Feel that it is a little too much broken up. When I look at it in 3D, it reads like 3 different things (4th on top too). Would hold together better if more overlap.

    A: Low box has overhang and sticks out 2 feet in plan. Got a little long when linear. Wanted to use glass to tie it together.

    Q: Back of house stone breaks up massing.

    Q: To counter, could you use masonry up and over. Or bring metal down on back side. Could have 2 feet of snow along glass. Maybe have a short masonry base.

    Q: Why are columns so inbored? Needed for structural reasons?

    A: Yes. Column is freestanding. Corner is storefront. Wanted roof to shoot out past column.

    Q: Why not make corner thicker? It’s structurally functional there, but interferes with sweep.

    A: Column could be in the corner. I liked it there. Wasn’t a structural decision. Cost less in corner.

    A: Discussion of exposed structural pieces. Corner will be chunkier.

    Kirylo: Like your idea. Without it the roof looks like the brim of a baseball cap.

    Q: I like it separated too Detail the glass where it turns the corner. Now it looks like they compete.

    Q: Maybe if it was glass at corner and not like two columns, would look better.

    Q: Art installation by graphic designer? Maybe engage someone from the Somerville artistic community instead?

    A: Graphic designer has been a curator of art. Often engages local artists. Designs may be done by local artists, executed by her.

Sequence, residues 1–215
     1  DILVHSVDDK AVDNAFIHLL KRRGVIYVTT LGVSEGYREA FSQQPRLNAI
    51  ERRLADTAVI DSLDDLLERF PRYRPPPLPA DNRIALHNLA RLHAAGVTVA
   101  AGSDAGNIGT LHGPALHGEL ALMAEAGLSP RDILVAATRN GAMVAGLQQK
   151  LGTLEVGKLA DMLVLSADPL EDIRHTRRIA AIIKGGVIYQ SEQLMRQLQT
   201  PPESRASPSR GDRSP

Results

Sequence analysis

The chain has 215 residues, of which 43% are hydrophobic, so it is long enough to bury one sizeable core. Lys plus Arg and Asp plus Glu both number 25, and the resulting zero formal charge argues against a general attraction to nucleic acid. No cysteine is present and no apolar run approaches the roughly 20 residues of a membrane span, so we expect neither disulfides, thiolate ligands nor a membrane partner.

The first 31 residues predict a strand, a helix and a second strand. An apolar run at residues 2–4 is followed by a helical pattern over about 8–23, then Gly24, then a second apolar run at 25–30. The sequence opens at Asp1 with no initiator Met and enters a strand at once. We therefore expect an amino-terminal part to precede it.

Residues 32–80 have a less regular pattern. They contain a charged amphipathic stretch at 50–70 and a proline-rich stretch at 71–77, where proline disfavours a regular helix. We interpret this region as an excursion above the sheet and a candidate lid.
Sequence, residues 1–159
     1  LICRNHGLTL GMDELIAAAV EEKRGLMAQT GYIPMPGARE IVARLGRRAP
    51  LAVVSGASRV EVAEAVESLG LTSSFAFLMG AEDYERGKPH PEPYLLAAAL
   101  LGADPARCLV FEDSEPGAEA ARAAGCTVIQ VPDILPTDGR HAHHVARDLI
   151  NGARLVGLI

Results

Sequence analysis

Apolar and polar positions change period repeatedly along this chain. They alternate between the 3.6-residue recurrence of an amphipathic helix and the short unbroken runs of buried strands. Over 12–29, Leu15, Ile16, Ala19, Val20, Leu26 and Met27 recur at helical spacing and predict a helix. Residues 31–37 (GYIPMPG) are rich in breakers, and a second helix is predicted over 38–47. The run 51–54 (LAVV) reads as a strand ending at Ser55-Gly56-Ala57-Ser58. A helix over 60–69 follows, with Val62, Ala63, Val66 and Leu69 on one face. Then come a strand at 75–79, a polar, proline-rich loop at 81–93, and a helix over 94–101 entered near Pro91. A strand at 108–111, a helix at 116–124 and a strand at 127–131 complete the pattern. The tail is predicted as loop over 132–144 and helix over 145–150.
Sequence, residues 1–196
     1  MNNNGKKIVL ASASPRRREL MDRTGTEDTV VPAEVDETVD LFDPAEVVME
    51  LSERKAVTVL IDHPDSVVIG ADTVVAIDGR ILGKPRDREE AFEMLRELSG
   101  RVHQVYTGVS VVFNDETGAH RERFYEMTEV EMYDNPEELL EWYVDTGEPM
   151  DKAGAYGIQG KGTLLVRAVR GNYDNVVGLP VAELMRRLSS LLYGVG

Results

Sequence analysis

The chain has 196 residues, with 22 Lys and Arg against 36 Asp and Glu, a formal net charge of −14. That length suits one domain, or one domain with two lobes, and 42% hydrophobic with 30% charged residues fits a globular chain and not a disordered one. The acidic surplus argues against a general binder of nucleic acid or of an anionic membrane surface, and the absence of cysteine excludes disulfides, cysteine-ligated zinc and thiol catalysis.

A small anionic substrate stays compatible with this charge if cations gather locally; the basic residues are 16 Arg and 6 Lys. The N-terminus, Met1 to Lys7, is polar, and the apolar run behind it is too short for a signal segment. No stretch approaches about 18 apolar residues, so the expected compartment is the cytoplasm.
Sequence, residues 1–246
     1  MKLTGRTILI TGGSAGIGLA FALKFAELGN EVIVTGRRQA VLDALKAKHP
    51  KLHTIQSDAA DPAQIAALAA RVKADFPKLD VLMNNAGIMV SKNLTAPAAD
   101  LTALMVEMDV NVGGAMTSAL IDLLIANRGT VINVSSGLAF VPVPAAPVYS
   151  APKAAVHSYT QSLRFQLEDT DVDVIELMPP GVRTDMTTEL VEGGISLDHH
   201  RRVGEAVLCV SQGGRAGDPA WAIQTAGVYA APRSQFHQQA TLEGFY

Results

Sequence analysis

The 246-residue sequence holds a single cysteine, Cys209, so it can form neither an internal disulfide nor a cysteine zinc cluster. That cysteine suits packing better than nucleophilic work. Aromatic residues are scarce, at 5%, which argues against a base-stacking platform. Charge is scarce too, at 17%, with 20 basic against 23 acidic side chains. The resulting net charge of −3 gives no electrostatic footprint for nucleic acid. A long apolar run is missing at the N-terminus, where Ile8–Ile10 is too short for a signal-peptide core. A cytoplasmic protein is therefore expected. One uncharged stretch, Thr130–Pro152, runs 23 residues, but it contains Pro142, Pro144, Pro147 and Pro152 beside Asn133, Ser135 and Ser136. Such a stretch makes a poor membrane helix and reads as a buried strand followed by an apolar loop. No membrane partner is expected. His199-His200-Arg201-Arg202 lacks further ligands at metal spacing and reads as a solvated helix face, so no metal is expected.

Q: Where is it again?

    A: Along rim above arcade. Make it an art element that partially covers condensers. If you could find a local artist to push you toward the river, would be good.

    Q: Next steps? Will you bring a mockup? Stone materials.

    A: Depends on what you want.

    Q: Material samples, stone, metal color. Don’t need a mockup.

    A: OK. We’ll look at the corners, make art thing more representative.

    Q: Make it a Somerville Pavilion.

    A: Maybe won’t make architecture books….


    [FRIT architect passes out Assembly Row Design Standards.]

    Quick overview.

    Thoughts about store fronts and signage. On page 3, individual tenant expression for signage.

    On p. 7, document shows different areas discussed. Storefronts executed in particular way. Proportion of windows and doors. Pop out zones and recesses. Lighting standards, cafe areas